Overall, liquid foreign currency reserves held by the country, including net reserves held by banks other than the SBP, stood at $17,971 million. Net reserves held by banks amounted to $6,740 million.

Pakistan received the first loan tranche of $991.4 million from the International Monetary Fund (IMF) on July 9 last year, which helped bolster the reserves. In late December, the IMF released the second loan tranche of around $454 million.

Previously, the reserves jumped on account of $2.5 billion in inflows from China.

A few months ago, the SBP successfully made foreign debt repayment of over $1 billion on the maturity of Sukuk.

In December 2019, the foreign exchange reserves surpassed the $10-billion mark owing to inflows from multilateral lenders including $1.3 billion from the Asian Development Bank.

Foreign investment of over $3 billion in the debt market in the previous fiscal year also played an important role in the growing foreign currency reserves.

Earlier, the reserves had spiralled downwards, falling below the $7-billion mark, which raised concern over Pakistan’s ability to meet its financing requirements. However, financial assistance from the United Arab Emirates (UAE), Saudi Arabia and other friendly nations helped shore up the foreign exchange reserves.
Riaz Haq said…
#Pakistan #FBR collects Rs50bn more than FY20 revenue target. Revenue board collects Rs3.95tr in FY20, as against the revised target of Rs3.90tr #COVID19 #lockdown #economy - Profit by Pakistan Today



https://profit.pakistantoday.com.pk/2020/06/30/fbr-collects-rs50bn-more-than-fy20-revenue-target/

The Federal Board of Revenue (FBR) collected Rs3,957 billion during the fiscal year 2019-20, which was Rs50 billion more than the revised target of Rs3,907 billion.

According to the FBR spokesperson, the department collected Rs411 billion in June 2020, as against the target Rs398 billion. “The FBR managed to collect Rs4 trillion gross revenue for the first time in the country’s history, which is commendable,” he added.

It is pertinent to mention that the government had originally set the FY20 revenue target at Rs5.55 trillion. However, it was revised downward after the first review of Pakistan’s economy by the International Monetary Fund (IMF).     

Meanwhile, following the second review by the IMF in February this year, the collection target was further revised downwards to Rs4.80 trillion. 

As coronavirus had crippled the country’s economy post March 2020, the revenue target was again revised to Rs3,907billion. 

It may be noted that during the last year, former FBR chairman Shabbar Ziadi had gone on indefinite leave due to bad health and did not return to the office. The government had then appointed Nausheen Javed Amjad, a grade-22 officer of Inland Revenue Service, as FBR chairperson in May this year. 

Riaz Haq said…
ICRA Sees #India's Real #GDP Shrink By Almost Double Digits In FY21. Rating agency now expects FY21 GDP to contract by 9.5%, a sharp downward revision from earlier forecast of 5% decline. Why: Rising #Covid19 and local lockdowns. #Modi https://www.bloombergquint.com/business/icra-sees-india-real-gdp-contract-by-almost-double-digits-in-fy21 Via @Bloombergquint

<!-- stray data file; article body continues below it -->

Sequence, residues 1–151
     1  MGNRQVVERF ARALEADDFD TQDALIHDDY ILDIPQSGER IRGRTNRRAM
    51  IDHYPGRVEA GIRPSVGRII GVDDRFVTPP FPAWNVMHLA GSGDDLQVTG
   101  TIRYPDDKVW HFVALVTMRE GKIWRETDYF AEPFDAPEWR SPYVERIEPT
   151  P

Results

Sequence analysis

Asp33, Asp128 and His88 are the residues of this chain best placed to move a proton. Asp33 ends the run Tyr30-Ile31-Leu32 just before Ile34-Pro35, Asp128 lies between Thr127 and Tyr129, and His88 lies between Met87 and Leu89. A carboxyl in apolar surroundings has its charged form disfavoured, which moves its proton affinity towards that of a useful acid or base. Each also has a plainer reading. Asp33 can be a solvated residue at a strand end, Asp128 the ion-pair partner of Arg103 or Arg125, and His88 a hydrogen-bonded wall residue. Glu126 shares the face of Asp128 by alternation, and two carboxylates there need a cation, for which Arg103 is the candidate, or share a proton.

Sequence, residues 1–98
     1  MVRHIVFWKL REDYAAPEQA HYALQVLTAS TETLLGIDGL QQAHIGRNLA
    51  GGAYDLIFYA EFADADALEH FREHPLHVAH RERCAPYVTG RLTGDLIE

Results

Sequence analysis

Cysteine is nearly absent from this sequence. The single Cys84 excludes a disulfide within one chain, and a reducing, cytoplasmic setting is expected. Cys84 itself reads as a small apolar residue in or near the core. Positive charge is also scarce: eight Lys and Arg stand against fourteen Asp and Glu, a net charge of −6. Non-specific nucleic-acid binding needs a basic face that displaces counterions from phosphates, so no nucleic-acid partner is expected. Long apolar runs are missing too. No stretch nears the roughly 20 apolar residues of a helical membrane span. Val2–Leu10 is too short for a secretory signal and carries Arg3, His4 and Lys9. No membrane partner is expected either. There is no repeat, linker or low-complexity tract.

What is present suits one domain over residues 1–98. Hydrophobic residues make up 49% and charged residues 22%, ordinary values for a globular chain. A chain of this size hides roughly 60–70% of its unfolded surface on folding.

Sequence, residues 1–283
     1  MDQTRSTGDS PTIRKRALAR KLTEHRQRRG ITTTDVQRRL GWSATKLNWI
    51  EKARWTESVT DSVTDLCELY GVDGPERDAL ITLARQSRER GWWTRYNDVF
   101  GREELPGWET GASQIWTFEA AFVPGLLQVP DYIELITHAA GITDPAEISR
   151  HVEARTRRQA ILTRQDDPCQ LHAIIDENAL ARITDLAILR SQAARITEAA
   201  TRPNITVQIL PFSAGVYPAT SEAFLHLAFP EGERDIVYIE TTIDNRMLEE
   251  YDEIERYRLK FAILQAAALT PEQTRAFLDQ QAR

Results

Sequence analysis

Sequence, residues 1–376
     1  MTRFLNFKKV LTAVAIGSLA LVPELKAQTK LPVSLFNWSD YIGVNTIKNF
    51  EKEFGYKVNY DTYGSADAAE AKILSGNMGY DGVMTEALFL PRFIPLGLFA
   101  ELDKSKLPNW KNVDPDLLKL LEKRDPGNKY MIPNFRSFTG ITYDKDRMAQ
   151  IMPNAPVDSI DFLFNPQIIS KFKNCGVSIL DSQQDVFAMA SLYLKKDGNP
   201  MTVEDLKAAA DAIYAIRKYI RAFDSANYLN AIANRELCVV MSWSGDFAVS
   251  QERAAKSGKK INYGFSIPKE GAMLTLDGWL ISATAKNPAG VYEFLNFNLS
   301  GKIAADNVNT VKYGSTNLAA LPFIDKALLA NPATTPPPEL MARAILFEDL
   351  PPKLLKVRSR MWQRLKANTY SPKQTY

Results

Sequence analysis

ICRA Ltd. has sharply cut its forecast for the Indian economy in FY21, citing localised lockdowns and rising Covid-19 cases. Its forecast is now the most pessimistic among major institutional forecasters.

The rating agency now expects FY21 real GDP to contract by 9.5%, a sharp downward revision of its earlier forecast of a 5% contraction. The climbing Covid-19 infections have resulted in a spate of localised lockdowns in some states and cities, arresting the nascent recovery that had set in during May-June 2020, it said in a statement on Thursday.

“The Indian economy had started to recover from the troughs experienced in April 2020, when the lockdown was at its severest, and many sectors seemed to be adjusting to a new normal. However, the unabated rise in Covid-19 infections in the unlock phase and re-imposition of localised lockdowns in several states, appear to have interrupted this recovery,” said Aditi Nayar, principal economist at ICRA.

Given the severity of the pandemic and the duration of the safety measures that need to be employed, we now expect a deeper pace of GDP contraction in Q2 FY21 relative to our earlier forecast, ICRA said. The agency said the economic impact would also be more uneven, as different regions move in and out of lockdowns and persisting labour supply mismatches affect supply chains and consumption patterns.

India recorded nearly 32,000 new Covid-19 cases on Thursday with the total number of cases rising to 9.6 lakh.

As a result of the spreading infections, economists, who were earlier anticipating the economic recovery to begin in the second quarter and strengthen in the third quarter, are now revisiting that assumption.

The timeline for a firmer recovery out of the contractionary phase is now being pushed ahead to at least Q4 FY21 from Q3 FY21. This presumes that a vaccine will be widely available by then, which now appears necessary for discretionary consumption to recover in certain sectors such as travel, hospitality and recreation.
Aditi Nayar, Principal Economist, ICRA
Also Read: Covid-19: Shape Of India’s Economic Recovery Goes From V To W-ish